Three (and a half) Ways to Spark your Creative Curiosity

 Don't wait around for passion to show up, follow your curiosity instead

The next time someone tells you to just 'follow your passion,' you can just tell them to "go whistle."

Or another directive of your choosing. We're all adults here. 

The thing is, true passion comes with time. There's no getting around it. It’s mastery that comes with deep, focused practice, often against odds. Passion is a long-term relationship, not something you discover by swiping right.

And, as Liz Gilbert points out in Big Magic, under those conditions, passion can seem intimidatingly out of reach.

Curiosity, on the other hand, is more of an instant gratification. Unless you're a cat, following your curiosity is a more accessible way of indulging some of our more out-there ideas without taking a big gamble on them. 

Tapping into curiosity requires little more than opening your eyes, more deliberately plugging into your surroundings. Think of it as a kind of mindfulness practice that you don't have to sit still for. 

So if you're feeling a little creatively blah, or your thinking is a bit muddled, here are a few simple sparks that could light up a new path forward. 

Think like a tourist

Try exploring a territory, whether literal (i.e. your city) or figurative (your subject matter) with fresh eyes. Visit the can’t-miss attractions. Stumble down side streets, get a little lost- that’s how you discover the hidden gems. Overwrought metaphor aside, make exploration a deliberate practice, as you would if you were visiting a new place.


The 5 Whys

Embrace your inner pest, and try this not-very-technical technique for interrogating the root cause of any problem. It pretty much does what it says on the tin: ask a question, get an answer, and ask, ‘Why?’ Get another answer, ask why again. Rinse and repeat five times, or keep going until you hit the core, or it becomes supremely annoying. Up to you. But seriously, it works.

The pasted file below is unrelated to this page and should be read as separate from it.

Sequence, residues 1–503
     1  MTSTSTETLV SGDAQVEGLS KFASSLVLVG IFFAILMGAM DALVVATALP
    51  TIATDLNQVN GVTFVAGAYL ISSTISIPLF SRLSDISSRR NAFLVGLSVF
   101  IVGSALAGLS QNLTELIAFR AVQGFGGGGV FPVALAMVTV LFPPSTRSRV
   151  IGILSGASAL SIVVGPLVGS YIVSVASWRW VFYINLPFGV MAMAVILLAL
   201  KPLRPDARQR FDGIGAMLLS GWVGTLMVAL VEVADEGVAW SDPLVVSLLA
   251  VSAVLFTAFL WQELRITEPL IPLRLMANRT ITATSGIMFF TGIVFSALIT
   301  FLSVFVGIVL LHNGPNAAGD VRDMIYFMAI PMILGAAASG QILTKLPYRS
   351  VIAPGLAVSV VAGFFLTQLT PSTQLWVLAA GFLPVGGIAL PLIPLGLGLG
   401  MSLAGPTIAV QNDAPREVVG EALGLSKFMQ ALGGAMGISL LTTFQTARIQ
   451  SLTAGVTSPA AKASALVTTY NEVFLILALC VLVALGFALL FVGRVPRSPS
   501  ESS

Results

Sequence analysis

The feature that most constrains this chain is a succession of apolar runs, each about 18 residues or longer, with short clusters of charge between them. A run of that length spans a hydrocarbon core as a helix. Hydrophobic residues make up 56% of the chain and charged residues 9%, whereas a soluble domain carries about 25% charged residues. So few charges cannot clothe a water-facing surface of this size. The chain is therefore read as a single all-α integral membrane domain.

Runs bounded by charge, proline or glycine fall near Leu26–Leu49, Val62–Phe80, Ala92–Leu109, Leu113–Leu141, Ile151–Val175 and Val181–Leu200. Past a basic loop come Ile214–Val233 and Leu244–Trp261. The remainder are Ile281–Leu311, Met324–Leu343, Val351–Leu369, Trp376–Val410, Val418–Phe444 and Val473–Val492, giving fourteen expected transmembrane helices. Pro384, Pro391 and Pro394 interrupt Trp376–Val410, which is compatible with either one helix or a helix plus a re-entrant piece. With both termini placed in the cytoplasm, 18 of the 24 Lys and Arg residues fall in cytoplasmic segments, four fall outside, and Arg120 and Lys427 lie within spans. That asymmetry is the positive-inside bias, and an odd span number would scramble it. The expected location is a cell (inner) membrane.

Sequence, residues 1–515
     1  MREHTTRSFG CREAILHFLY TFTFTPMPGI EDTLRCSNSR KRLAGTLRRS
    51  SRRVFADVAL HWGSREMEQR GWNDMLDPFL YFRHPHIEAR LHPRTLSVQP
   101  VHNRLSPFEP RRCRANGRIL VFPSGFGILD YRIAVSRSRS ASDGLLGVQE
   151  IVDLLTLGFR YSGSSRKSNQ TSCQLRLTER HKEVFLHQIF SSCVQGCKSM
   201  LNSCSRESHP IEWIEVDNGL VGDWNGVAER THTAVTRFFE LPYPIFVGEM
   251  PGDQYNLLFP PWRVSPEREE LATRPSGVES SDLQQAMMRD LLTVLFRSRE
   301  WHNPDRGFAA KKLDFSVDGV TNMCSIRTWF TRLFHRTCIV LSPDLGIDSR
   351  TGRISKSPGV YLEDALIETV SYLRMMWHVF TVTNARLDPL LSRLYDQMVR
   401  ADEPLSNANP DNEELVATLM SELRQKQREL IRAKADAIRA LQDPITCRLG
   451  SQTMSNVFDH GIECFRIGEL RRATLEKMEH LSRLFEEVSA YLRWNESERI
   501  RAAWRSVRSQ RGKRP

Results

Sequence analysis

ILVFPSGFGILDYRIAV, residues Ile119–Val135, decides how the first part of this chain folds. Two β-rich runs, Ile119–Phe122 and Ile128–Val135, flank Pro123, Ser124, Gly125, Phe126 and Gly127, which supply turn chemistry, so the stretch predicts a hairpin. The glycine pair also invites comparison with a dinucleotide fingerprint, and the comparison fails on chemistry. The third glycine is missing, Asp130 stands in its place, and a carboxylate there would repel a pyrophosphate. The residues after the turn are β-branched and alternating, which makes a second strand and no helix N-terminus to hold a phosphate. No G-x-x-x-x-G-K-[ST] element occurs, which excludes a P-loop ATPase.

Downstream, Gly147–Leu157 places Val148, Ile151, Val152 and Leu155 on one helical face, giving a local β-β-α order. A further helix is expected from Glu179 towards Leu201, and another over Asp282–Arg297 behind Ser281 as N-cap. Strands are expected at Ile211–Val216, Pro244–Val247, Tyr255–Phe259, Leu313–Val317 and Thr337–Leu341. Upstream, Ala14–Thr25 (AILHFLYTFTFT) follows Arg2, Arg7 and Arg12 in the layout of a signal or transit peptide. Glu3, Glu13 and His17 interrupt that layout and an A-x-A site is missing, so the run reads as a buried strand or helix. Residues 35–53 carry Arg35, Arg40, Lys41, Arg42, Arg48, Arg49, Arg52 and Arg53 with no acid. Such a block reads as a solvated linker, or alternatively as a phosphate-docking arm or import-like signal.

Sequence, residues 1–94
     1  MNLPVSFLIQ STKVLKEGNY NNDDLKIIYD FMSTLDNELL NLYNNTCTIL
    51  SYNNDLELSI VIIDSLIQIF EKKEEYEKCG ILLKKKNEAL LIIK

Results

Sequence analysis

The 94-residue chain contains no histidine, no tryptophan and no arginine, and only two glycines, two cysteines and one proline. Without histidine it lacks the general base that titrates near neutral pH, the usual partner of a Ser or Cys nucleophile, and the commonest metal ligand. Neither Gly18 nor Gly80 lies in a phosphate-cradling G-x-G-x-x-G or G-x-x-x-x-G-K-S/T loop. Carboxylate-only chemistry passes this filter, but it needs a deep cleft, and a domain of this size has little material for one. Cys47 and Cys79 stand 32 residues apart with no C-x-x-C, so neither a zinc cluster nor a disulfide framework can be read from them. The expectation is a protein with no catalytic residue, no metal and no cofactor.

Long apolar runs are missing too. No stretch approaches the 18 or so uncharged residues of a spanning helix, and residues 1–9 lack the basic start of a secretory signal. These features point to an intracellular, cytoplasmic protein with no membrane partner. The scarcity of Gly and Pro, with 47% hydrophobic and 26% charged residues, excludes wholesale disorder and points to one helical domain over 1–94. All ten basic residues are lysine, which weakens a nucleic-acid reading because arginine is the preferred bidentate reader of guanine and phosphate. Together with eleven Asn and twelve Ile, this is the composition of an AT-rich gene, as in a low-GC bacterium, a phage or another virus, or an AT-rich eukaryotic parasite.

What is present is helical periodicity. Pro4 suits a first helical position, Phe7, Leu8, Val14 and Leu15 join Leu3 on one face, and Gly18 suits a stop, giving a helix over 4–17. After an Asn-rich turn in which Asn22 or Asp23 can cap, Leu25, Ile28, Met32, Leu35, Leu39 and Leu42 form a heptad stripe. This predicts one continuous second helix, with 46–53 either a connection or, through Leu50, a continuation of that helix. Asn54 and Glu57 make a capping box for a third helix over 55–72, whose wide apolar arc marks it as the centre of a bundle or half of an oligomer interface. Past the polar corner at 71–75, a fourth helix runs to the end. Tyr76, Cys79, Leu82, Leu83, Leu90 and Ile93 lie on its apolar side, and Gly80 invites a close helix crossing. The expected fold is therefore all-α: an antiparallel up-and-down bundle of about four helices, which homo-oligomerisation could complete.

Cultivating Serendipity

I know it seems kind of, um…contradictory to suggest that it’s possible to “get good at being lucky,” as David Kelley quips in Creative Confidence. But in fact, you can train yourself to maximize your creative alertness. One way is to give yourself over to moments of relaxed attention, letting your thoughts meander, creating a kind of real time mind map. I like to think of these moments as a form of meditation wherein my absorption in a simple, routine task allows my mind to open- much like when a stroke of brilliance occurs in the shower. Those soft moments between sleep and wakefulness–what is known as the hypnagogic state–are prime for creative musing. It’s no coincidence that activities like the “5-Minute Journal” are recommended as bookends to our day. 

For a more active approach, you can also do what author Steven Johnson does:
keep a ‘spark file,’ which is simply an ongoing, chronological document capturing hunches, snippets, and notes of all manners as they arise. Cloud-based apps like Google Docs or Evernote are useful here because you can access them wherever you go. Then, perhaps once a quarter, or maybe once a month, book a block of time to go through all your notes, highlighting what catches your eye. It’s like, as Johnson says, “brainstorming with a past version of yourself.

What have you been curious about lately? What did you do about it? What did you learn? Please share your thoughts in the comments!

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